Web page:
When pain becomes a strain

April 19, 2018

Aches and pains affect most of us at some point in our lives. But during our working years it could indicate something more complicated like work-related discomfort, pain and injury (DPI). In this blog, Fit For Work Physiotherapist and Physiotherapy Professional Advisor Sarah Trail explains the importance of diagnosing strain injuries and work-related DPI.

Strain injuries can have a huge impact on all areas of our lives - home life, work life and our mental health.

When you’re in pain, you generally become less active, putting you at risk of other injuries too.

There are two main types of strain injuries; traumatic ones caused by a sudden force, or repetitive type injuries that used to be known as repetitive strain injuries. Typically, symptoms involve pain, stiffness or pins and needles. Early diagnosis and assessment are key for ensuring the best chances of recovery.

A New Zealand qualified physiotherapist or occupational health physician should be contacted as soon as possible to find out what is wrong and develop an individualised treatment plan.

There are several factors that physiotherapists consider when assessing these types of injuries. They include:

  • work organisation such as number of hours worked, breaks taken, and variation in tasks;
  • the amount of load and forceful movements required;
  • work postures such as being seated for a long time or bent over a workstation all day
  • changeable factors such as the amount of sleep the patient normally gets, nutrition and general fitness;
  • unchangeable factors including height and body shape (and their relationship to the workstation, age, and any pre-existing illnesses;
  • environmental factors such as lighting, heat and noise (hearing loss and eye strain can also be considered work-related DPI);
  • psychosocial factors including aspects of life outside of work such as finances and relationships, and aspects within work like relationships with workmates and managers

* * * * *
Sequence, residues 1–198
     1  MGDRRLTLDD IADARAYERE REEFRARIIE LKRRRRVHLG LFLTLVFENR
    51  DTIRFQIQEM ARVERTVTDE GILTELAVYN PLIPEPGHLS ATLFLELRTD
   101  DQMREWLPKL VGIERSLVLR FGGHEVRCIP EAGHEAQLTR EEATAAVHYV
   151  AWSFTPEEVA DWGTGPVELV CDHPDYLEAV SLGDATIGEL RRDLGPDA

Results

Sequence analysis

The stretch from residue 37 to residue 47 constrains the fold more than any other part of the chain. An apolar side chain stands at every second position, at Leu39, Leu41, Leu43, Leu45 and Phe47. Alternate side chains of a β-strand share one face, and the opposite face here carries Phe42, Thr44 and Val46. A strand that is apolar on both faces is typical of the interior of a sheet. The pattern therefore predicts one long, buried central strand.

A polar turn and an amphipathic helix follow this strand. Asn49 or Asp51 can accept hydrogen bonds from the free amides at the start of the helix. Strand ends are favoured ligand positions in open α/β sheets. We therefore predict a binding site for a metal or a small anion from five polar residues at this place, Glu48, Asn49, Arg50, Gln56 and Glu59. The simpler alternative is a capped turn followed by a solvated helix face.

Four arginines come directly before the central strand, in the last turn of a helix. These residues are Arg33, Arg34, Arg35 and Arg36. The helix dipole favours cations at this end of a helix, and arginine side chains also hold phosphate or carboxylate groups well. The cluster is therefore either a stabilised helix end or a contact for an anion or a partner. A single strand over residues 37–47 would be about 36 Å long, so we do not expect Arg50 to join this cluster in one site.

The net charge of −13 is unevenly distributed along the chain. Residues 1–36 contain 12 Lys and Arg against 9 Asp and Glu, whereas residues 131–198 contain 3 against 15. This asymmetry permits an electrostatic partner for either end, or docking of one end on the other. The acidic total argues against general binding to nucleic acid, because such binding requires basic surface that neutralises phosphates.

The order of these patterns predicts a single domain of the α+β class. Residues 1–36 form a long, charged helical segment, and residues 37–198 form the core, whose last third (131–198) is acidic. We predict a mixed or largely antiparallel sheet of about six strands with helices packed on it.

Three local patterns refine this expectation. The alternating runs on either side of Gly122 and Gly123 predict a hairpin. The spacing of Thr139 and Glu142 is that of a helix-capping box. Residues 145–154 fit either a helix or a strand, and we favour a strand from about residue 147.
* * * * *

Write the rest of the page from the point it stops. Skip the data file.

The healing process for an overuse injury is quite different from an acute sprain or strain, but patients may experience ongoing or increasing pain from both. They may also have limited function in the affected body part or strain on other body parts, compensating for the inability to use the injured area. It is important to get an accurate diagnosis so that patients can get on the right track quickly

Some occupations and professions have a higher rate of injuries than others due to the nature of the work. For example, neck and wrist pain is more common among office workers, while lower back injuries are more likely to occur for manual labourers.

Fit For Work can visit worksites to identify risk factors and help businesses to manage them as best as possible. Our specialists’ three main areas of advice are how to recover from an injury; the ongoing management of the injury; and identifying the causes and what someone can do to modify them.

An important thing to keep in mind is that if you don’t change the cause of the issue you’re not likely to fully recover. For example, if someone doesn’t have an ergonomically correct workstation (set up for their anatomy), this might play a big part in them developing a repetitive strain injury. Some things to look at include:

  • Overreaching for items regularly used
  • Making sure eyes are level with the top of the computer screen and at least an arm’s length away
  • Checking variability in work tasks you carry out, and whether forceful movements are used. Repetition is a big risk for work related overuse syndrome.

The longer you leave a strain or work-related overuse injury the more likely it will lead to ongoing or other problems.

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